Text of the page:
Awesomeness do you have an initial "idea" of what the cost is likely to be?

Thanks for doing all this by the way :)
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Re: Cutting Cardboard - Drag Knifes

Postby Awesomeness » Thu Sep 04, 2014 5:19 pm

Boy, that's really frustrating that you guys are so hung up on the type/cost of blades. Let me rephrase the question, and see if it makes a difference, because using utility blades makes it roughly 2x as large (thus raising material and machining costs significantly).

Would you rather have (just making up rough numbers here)...
1. $60 drag knife that uses Xacto #24 blades ($0.34 per cutting edge)
2. $80 drag knife that uses Xacto #24 blades, AND comes with 100-pack of blades (probably enough for life)
3. $90 drag knife that uses utility blades ($0.10 per cutting edge; $0.20 per blade) - can also use Xacto #24, and other blades; would need to use >125 ($30 / $0.24 blade difference) in lifetime to make up cost difference!

See the problem? Do you still want the utility blades? These are probably realistic ballpark ideas of price, and the differences between price, maybe +/- 25%. The Xacto-size drag knife is small, like 1.25"x1.25", but letting it uses other blades starts making it go up to like 2.5"x2.5".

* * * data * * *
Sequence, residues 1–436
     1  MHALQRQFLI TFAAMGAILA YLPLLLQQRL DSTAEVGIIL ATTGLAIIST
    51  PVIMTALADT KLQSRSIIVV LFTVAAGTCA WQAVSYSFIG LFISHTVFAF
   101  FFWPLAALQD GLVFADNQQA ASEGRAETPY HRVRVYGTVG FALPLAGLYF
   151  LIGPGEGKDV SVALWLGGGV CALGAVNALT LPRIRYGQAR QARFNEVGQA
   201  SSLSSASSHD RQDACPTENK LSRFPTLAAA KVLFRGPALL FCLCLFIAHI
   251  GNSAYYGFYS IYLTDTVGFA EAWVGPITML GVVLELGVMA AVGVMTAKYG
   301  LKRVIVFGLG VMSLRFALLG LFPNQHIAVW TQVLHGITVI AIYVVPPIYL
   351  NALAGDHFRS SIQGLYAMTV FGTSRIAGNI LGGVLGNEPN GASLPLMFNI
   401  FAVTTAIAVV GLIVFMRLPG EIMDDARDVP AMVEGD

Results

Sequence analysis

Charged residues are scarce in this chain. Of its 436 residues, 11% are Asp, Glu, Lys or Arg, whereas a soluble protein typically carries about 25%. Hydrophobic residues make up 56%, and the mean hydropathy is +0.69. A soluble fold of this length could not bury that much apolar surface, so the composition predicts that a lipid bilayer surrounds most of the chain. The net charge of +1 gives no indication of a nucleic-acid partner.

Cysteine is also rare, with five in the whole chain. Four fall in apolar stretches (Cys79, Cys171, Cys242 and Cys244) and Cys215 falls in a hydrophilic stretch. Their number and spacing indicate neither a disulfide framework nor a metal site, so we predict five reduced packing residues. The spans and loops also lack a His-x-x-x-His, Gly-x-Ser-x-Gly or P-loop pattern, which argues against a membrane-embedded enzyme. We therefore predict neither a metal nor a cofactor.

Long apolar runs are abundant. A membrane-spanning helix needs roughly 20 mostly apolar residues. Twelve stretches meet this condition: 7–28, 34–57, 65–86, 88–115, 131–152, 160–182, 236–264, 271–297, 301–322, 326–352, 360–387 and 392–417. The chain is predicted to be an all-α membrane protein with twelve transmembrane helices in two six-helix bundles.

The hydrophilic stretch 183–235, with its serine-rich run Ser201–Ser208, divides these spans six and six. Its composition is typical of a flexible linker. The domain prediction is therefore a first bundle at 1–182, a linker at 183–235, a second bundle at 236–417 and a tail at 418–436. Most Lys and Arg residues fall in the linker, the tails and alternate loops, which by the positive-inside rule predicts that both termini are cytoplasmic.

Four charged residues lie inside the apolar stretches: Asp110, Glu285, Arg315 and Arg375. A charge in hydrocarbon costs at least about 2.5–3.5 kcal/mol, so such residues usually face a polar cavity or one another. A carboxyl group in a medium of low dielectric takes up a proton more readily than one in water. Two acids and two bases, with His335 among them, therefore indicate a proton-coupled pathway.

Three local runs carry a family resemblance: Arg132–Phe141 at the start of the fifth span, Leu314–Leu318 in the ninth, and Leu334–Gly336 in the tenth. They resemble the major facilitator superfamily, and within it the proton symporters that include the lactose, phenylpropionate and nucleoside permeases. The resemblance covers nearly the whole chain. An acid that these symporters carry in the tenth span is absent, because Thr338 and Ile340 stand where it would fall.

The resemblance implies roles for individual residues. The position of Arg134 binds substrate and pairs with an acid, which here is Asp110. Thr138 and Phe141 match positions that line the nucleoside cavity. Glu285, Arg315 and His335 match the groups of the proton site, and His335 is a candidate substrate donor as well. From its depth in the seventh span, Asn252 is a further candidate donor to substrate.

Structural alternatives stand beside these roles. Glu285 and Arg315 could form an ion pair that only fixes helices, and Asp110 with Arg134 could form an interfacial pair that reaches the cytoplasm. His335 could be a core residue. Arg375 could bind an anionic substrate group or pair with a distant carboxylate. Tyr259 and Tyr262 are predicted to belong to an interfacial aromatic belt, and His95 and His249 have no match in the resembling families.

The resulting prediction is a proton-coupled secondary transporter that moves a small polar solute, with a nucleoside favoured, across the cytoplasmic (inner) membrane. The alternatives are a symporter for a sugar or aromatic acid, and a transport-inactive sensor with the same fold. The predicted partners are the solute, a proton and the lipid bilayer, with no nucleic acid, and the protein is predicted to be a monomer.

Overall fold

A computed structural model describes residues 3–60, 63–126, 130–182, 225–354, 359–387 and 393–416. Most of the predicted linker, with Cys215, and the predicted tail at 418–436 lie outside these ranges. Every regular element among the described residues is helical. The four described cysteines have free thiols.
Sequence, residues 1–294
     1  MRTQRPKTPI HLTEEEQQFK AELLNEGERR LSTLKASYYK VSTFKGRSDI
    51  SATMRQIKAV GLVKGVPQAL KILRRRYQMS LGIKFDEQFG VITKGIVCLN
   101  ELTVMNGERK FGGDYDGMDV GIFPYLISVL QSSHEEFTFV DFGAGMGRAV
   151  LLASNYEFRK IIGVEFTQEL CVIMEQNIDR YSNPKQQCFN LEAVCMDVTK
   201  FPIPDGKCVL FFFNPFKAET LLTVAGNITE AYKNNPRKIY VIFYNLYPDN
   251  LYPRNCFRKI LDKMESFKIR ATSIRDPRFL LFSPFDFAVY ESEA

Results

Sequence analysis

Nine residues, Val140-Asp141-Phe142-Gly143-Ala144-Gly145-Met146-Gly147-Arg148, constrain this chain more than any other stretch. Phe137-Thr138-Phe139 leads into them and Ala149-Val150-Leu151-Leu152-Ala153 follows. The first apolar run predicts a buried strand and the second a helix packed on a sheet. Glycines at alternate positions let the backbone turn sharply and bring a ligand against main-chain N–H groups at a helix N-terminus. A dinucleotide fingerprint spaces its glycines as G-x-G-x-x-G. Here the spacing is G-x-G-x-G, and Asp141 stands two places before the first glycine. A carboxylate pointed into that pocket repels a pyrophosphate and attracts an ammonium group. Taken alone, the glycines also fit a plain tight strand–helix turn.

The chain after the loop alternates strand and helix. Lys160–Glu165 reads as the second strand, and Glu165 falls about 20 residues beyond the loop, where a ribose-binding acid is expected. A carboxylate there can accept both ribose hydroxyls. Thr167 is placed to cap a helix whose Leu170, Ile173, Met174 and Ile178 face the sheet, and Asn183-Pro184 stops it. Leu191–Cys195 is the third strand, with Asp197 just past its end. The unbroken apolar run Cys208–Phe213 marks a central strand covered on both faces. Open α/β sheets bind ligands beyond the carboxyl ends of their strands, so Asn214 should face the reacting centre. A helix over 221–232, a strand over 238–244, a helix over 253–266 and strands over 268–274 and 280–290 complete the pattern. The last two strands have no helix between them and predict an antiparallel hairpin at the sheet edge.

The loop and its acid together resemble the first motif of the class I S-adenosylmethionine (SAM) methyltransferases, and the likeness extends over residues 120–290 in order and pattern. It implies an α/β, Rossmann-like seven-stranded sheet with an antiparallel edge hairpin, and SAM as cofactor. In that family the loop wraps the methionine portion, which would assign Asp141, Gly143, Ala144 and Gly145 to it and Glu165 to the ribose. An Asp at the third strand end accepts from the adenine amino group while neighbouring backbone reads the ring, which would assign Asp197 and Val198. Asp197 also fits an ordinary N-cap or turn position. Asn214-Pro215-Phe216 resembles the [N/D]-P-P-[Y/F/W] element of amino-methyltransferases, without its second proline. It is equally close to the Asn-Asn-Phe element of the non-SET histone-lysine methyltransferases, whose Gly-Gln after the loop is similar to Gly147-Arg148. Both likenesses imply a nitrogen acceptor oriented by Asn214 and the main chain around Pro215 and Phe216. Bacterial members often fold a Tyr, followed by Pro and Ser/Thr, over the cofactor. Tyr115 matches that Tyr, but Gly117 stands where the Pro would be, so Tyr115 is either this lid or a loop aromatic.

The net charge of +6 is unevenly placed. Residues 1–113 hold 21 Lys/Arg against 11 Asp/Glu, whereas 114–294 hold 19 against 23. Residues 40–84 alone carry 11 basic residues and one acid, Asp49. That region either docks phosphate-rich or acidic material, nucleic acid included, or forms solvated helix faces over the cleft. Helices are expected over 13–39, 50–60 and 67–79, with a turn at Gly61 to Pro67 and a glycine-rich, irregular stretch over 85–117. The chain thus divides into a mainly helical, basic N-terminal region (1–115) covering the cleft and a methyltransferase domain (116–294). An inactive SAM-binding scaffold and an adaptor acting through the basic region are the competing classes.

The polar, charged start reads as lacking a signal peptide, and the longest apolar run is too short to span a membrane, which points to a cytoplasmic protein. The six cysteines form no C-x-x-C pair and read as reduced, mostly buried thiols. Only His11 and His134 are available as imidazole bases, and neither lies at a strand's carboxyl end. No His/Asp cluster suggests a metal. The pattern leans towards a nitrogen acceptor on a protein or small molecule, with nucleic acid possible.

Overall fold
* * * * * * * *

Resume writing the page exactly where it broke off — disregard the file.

As much as I can figure, it's about $20-25 in materials/parts, plus shipping materials in, machining (current design is 3 separate setups in machining; part has to be changed around in the vise 3 times to complete machining on a standard 3-axis mill), coating (e.g. anodizing), and assembly/labor. If I did a Kickstarter for them, it would need to include packaging and shipping too ($10-15?). This is ballpark pricing without figuring for economy-of-scale discounts.
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Re: Cutting Cardboard - Drag Knifes

Postby bajaru » Thu Sep 04, 2014 7:28 pm

I'd buy #1 for sure. If it were available today, I'd send you money right now. If it were available in few weeks, that'd be fine too...

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Re: Cutting Cardboard - Drag Knifes

Postby joelaw » Thu Sep 04, 2014 8:43 pm

I would order #3 since it would 1/2 the price of others on the market. It really doesn't matter because the $30 difference is not mutch compared to tools abd bits.

Thanks for working on this.